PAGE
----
I travel 60 miles a day to work and back i currently spend at least £60 on petrol if i did not have a car i would not be able to work as the transport links to my place of work are non existent and what is a 40 minute journey would take at least 4 hours if i made all the right connections also public transport from where i work ceases after 8.oopm and as i frequently work past 9.30pm without a car i would have no means of getting home so if i want to work i have no choice but to pay if the government wanted to help they could start by stopping the tax on tax which a rough calculation shows they could cut prices by at least 12p per litre the price of crude oil and the £ to $ has been quite stable for a long time but the price keeps going up why?i am fed up with the constant change of excuse by all the parties involved for the ever increasing price there is no excuse maybe if we as motorists went on strike and cut everybody's revenue stream something might get done.

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[ posted by john van gool, 03.04.12 11:13 ]

This talking abouth prices dont work .you need action block the main roads. m25 m1a14a 12 agee a date and time.to stop your lorry truck carr where you are on the road. for just 2 hour and the country stand still tell the minister we need a answere on the prices. that the go down with 20p or we stop for a day.see how the shake we win!!! in holland years back it did work why not here??? Action nu bulshit talking

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[ posted by KELVIN, 05.04.12 09:17 ]

IT IS TIME FOR MORE DIRECT ACTION BUT RATHER THAN BLOCKADING MAJOR RODS IN AND OUT OF OUR CITIES WHICH ONLY SERVES TO DISADVANTAGE THE INNOCENT I PROPOSE THAT PETROL STATIONS BE BLOCKADED BY COMPANY ON ANY GIVEN DAY.FOR EXAMPLE...MONDAYS...BP...TUESDAY...SHELL...WEDNESDAY...TOTAL AND SO ON. CAMORONS GOVERNMENT TOOK 32 MILLION IN EXTRA REVENUE ON PANIC DAY...HIT THE FUEL COMPANIES WHERE IT HITS US...ON THE FORECOURTS.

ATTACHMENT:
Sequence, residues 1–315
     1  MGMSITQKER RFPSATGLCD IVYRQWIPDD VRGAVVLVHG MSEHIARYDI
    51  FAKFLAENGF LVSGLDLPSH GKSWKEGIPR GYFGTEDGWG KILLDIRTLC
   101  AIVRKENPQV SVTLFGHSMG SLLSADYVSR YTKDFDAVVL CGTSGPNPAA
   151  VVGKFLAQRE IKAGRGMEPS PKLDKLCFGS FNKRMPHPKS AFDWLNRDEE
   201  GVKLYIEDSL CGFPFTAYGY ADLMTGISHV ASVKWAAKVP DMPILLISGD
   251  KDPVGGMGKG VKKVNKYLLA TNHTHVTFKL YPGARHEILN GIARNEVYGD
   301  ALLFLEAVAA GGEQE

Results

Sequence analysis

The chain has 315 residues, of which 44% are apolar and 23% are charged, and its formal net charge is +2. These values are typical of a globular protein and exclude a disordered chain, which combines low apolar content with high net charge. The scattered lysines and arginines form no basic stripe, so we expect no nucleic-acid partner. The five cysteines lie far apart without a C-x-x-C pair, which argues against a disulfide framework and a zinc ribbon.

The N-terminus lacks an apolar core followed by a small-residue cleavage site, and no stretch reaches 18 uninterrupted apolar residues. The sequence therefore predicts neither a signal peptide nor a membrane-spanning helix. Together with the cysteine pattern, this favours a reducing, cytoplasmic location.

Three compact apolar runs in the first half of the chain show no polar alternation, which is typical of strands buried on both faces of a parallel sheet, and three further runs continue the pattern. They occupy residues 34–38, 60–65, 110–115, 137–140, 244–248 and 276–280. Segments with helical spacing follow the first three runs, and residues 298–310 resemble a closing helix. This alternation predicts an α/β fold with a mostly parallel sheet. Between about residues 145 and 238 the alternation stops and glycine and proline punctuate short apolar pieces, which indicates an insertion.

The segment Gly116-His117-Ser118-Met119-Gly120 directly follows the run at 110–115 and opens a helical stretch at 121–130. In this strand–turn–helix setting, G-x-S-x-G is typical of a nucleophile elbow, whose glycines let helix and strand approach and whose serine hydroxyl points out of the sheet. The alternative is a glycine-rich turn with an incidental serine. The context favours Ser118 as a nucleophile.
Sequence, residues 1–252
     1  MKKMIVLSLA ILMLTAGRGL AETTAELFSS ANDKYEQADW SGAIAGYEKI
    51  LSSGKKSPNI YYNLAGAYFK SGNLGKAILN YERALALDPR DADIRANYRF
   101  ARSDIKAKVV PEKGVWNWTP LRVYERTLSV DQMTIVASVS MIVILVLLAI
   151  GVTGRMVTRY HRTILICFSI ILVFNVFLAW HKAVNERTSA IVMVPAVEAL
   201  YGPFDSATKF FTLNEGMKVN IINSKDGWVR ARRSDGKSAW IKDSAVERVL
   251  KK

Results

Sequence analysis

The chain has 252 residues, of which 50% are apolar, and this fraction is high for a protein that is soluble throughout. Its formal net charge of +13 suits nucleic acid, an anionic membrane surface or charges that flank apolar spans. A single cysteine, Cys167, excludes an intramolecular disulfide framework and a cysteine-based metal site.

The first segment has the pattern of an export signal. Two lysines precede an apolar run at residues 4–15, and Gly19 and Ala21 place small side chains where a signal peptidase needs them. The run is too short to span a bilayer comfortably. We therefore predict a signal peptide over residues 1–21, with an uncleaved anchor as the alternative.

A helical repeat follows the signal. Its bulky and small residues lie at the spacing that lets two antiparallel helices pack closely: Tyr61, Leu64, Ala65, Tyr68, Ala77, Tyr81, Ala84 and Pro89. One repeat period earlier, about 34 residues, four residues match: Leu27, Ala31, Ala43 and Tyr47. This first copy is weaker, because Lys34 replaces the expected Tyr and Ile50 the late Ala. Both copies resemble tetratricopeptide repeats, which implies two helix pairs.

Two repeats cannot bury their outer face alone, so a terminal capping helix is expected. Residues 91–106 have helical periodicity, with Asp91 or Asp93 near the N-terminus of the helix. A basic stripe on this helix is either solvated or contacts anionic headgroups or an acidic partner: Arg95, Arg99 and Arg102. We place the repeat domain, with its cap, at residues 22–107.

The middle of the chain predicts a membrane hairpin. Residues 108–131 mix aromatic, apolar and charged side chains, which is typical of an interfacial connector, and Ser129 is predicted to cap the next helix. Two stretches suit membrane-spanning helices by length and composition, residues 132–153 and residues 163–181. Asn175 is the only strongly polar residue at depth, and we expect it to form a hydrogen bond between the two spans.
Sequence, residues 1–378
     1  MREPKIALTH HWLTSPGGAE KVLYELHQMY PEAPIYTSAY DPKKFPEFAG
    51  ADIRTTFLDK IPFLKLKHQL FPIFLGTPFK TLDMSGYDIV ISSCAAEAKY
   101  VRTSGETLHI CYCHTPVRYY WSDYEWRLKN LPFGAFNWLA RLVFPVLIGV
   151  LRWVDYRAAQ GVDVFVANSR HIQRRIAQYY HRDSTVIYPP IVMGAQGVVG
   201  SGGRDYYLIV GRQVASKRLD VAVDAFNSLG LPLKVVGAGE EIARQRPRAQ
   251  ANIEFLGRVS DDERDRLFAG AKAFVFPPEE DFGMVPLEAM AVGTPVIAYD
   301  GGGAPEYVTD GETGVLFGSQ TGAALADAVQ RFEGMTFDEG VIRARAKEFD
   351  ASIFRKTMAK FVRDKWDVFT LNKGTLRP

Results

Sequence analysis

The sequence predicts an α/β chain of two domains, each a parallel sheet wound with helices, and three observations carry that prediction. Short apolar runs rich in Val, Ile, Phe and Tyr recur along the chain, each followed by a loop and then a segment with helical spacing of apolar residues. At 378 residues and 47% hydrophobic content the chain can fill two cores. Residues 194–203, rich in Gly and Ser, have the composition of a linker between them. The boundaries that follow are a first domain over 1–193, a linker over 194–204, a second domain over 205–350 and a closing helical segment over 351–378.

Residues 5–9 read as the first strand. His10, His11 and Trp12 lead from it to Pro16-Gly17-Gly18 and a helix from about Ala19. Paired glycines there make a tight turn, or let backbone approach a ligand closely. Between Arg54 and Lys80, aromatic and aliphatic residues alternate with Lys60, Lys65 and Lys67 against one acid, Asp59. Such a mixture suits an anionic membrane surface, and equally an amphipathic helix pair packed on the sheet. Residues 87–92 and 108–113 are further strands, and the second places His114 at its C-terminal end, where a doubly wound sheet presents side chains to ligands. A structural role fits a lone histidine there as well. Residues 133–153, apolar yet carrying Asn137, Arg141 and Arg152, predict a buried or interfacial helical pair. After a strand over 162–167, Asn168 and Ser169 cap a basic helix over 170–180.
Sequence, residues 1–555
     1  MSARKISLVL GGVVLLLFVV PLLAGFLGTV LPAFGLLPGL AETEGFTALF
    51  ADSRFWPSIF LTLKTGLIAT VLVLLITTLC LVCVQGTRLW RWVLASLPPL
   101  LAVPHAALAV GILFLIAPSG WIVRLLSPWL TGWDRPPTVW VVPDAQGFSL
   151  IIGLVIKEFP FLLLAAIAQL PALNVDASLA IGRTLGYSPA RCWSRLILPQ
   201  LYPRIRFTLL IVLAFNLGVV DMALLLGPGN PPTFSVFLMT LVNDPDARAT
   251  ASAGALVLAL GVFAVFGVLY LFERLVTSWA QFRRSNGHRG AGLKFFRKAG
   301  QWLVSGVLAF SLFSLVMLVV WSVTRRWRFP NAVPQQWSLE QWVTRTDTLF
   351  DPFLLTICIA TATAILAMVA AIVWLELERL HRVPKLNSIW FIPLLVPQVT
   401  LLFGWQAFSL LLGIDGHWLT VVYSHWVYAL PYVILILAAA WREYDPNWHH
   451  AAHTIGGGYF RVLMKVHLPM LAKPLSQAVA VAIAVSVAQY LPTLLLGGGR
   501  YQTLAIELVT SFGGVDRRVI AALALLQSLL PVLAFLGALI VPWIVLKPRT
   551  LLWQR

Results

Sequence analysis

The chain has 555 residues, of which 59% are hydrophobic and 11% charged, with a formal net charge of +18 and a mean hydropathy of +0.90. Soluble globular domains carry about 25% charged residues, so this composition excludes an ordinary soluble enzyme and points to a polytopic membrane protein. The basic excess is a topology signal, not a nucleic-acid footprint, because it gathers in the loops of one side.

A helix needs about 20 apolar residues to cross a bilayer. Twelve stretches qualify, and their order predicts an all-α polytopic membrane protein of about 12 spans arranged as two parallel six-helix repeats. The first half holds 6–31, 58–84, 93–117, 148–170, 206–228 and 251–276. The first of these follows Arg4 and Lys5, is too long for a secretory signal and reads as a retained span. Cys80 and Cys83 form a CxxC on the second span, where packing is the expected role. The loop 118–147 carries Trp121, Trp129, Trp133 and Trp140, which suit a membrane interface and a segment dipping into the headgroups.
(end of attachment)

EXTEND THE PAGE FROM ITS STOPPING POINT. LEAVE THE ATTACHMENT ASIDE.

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[ posted by Mandy, 07.04.12 15:03 ]

The ever increasing cost of fuel is a disgrace and I totally agree with the post above. I am sure the large oil companies would have something to add if they were boycotted on a particular day and think of the headlines for the fair fuel campaign!!

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[ posted by john, 14.04.12 19:56 ]

£1.48 is expensive, but it would be wonderful to get it that cheap where i live [Isle of Jura Scotland]. We pay £1.60 for bog standard diesel, and it was £1.56 on 1 Jan 2012. I don't know what happened to the subsidy for remote areas, but it doesn't seem to have kicked in on the scottish islands. Frankly, our diesel should be the price it is in the South while the price of diesel in London and the South East deserves to be higher, where there is a comprehensive and excellent public transport system, and before you try to moan from down there in the south, don't even think about it. We have two buses a day to the main settlement for food, doctor and the rest, with a boat in the middle.

£1.48 is bad, but frankly, if you're paying that in the South, you don't know you're born.

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[ posted by Colin Chambers, 23.05.12 11:29 ]

Just filled up the car paid £138.9 for diesel much better than the £150.9 a ltr currently on sale some 8 miles away at Rownhams Services (Esso) on the M27, WHAT A RIP OFF!